Adaptation, migration, extinction of biota as response to climate change
|Category||Paleontology and Stratigraphy|
|Location||International Geological Congress,oslo 2008|
|Holding Date||27 September 2008|
A long tradition of palaeobotanical and palaeontological research has gathered a considerable amount of data on how plants and animals have responded to climate changes during the Quaternary. However, new questions and prospects continue to emerge, showing that this field of research is still very active and may significantly contribute to a better understanding of global changes processes, evolutionary dynamics and environmental management and conservation.
One main issue concerns the localization, extension and duration of "refuge areas" for plants and animals during the glacial stages, in view also of predictive models for future climate changes. While it is clear that during the glacial periods climate conditions have caused the retreat of plant and animal populations in more or less reduced areas, or even their extinction, there is still much debate on how far to the north temperate species could survive. For example, it has been shown that Fagus populations survived the last glacial period in several refuge areas, and persisted there over multiple glacial-interglacial cycles (Magri et al., 2006). Unexpectedly, the Mediterranean refuges for Fagus did not contribute to the colonization of central and northern Europe, which were colonized from refuge areas north of 45°N.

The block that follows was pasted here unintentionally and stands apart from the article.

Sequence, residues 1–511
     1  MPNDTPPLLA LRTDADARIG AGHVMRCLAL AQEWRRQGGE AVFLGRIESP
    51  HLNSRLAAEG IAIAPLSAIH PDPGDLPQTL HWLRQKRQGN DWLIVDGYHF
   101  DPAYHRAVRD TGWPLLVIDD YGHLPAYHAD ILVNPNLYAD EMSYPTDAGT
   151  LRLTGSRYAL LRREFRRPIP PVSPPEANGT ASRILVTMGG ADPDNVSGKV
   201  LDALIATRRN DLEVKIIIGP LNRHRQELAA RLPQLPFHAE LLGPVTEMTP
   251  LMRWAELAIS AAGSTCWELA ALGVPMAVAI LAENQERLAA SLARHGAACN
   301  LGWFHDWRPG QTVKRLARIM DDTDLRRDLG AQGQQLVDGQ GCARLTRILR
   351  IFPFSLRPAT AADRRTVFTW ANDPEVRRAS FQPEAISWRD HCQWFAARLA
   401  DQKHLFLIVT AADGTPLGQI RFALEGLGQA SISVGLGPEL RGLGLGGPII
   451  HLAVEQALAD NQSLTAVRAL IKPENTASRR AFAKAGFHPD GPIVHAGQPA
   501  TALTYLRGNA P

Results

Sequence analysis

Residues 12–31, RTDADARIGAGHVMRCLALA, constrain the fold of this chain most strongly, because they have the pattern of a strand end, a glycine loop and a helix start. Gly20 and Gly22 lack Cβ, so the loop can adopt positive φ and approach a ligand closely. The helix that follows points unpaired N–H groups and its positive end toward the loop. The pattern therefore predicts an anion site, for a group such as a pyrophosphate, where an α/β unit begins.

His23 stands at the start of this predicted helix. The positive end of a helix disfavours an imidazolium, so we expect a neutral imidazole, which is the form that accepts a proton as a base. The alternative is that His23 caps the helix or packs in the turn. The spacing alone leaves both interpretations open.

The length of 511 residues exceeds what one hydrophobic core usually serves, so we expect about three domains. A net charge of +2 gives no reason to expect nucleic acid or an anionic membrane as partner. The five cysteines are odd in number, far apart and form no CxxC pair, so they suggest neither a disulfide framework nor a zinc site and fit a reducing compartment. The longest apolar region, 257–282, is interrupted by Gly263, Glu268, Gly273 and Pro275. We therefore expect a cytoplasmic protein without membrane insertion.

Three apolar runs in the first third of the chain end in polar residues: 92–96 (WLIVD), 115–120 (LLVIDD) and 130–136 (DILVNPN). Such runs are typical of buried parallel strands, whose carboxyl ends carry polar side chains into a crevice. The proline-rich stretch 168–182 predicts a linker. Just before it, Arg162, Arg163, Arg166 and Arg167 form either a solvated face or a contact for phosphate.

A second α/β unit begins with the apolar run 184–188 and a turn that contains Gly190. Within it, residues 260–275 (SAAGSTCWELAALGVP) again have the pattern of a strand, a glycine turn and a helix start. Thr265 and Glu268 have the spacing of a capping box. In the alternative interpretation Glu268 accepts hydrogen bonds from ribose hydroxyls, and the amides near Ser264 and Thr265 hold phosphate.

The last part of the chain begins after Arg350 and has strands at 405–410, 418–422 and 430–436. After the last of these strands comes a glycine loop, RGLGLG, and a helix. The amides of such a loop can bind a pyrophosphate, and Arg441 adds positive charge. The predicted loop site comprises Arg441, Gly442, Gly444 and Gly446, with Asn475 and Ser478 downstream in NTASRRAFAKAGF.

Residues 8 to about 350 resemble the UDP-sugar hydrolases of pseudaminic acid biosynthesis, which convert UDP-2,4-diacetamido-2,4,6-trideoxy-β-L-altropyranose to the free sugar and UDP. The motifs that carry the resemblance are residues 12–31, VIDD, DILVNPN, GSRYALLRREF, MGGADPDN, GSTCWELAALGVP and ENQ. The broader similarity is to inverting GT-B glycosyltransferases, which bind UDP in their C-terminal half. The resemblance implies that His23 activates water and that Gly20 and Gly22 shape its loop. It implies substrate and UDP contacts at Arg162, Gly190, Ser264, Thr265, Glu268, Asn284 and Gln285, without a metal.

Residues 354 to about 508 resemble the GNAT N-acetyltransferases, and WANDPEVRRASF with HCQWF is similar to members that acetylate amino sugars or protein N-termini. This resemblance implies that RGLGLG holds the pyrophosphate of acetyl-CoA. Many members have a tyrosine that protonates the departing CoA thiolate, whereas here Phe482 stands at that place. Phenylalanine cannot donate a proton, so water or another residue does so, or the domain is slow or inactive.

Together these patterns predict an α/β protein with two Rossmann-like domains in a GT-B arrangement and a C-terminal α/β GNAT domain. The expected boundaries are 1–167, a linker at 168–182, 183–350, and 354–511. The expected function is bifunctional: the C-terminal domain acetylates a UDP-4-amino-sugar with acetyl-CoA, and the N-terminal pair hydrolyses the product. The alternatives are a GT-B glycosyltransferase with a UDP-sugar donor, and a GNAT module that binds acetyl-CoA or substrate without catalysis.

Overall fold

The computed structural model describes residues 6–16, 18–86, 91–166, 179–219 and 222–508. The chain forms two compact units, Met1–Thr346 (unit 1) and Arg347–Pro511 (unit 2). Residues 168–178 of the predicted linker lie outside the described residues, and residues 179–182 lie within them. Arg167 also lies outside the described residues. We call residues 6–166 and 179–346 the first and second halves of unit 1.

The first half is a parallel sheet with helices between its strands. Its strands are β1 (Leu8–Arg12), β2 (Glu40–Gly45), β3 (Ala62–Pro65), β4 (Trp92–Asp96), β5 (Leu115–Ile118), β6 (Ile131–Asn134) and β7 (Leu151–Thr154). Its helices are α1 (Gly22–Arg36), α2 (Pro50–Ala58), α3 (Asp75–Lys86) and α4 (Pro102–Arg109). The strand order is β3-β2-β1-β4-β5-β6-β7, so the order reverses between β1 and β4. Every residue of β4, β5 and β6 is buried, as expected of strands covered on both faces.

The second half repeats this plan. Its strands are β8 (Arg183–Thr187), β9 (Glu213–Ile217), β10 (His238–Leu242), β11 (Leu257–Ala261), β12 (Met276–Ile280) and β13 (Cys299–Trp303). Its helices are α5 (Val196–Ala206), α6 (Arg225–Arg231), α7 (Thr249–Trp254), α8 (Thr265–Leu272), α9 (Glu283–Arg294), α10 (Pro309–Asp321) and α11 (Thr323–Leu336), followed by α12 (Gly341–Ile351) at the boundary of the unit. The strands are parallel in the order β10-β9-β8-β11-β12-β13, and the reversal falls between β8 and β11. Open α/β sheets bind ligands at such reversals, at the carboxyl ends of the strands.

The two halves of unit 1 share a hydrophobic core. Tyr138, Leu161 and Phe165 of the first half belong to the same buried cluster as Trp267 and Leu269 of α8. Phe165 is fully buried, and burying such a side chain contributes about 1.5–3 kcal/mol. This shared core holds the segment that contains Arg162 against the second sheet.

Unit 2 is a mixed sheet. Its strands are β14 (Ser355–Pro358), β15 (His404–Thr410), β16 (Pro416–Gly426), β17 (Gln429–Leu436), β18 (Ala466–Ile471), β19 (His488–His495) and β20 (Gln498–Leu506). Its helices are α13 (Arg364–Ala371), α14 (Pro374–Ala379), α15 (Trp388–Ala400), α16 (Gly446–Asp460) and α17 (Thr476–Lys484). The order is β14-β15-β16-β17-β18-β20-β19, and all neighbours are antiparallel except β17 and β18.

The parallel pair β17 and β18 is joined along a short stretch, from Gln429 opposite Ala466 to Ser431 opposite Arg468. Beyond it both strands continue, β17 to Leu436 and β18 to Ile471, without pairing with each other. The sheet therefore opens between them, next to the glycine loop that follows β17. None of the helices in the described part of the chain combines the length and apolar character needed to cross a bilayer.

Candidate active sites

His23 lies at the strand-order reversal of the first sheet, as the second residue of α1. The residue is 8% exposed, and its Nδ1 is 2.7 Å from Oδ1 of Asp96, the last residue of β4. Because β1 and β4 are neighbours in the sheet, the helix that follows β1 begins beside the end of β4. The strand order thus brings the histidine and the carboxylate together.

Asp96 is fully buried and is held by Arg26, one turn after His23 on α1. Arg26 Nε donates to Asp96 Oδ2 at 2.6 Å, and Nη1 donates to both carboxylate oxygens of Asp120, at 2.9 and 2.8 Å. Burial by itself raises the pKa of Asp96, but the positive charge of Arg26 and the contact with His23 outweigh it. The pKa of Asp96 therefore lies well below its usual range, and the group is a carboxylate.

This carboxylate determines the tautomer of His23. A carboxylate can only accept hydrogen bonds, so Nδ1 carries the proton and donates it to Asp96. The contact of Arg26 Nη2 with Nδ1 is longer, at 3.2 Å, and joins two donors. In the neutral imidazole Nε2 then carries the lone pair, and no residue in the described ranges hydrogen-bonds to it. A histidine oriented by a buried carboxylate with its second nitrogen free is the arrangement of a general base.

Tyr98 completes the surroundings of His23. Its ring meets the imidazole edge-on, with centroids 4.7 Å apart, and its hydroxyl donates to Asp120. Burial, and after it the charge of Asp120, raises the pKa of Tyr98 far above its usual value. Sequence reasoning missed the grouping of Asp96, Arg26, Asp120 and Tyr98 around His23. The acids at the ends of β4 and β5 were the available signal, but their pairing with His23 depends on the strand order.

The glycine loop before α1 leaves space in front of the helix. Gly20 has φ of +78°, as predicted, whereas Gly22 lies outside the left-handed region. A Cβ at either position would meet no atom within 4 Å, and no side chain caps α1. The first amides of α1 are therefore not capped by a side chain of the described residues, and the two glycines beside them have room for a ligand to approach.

Another emerging research line combines the results of palaeobotanical/palaeontological analyses with modern/ancient genetic data. This combination helps disentangling migrations and adaptations of plant and animal populations in response to climate changes and/or to the isolation in refuge areas during the glacials. One of the most intriguing questions is the assessment of the time and causes of genetic diversification and distribution of plants, interpreted in the light of fossil record, past climate changes and tectonic processes. Published investigations have shown that Quaternary climate changes, producing successive retreats, isolations and re-expansions of plant populations, may induce genetic differentiations among populations. However, recent surveys have also shown that some species may maintain their genetic characters over times longer than the Quaternary. For example, genetic and palaeobotanical data show that cork-oak (Quercus suber), a tree living in the main islands of the western Mediterranean, persisted in the same territories since the Miocene with an amazing genetic stability, reflecting the tectonic dynamics of the western Mediterranean Basin during the last 25 Ma, and stimulating new extensive and multidisciplinary studies of fossil records stretching from the present down to at least the Pliocene.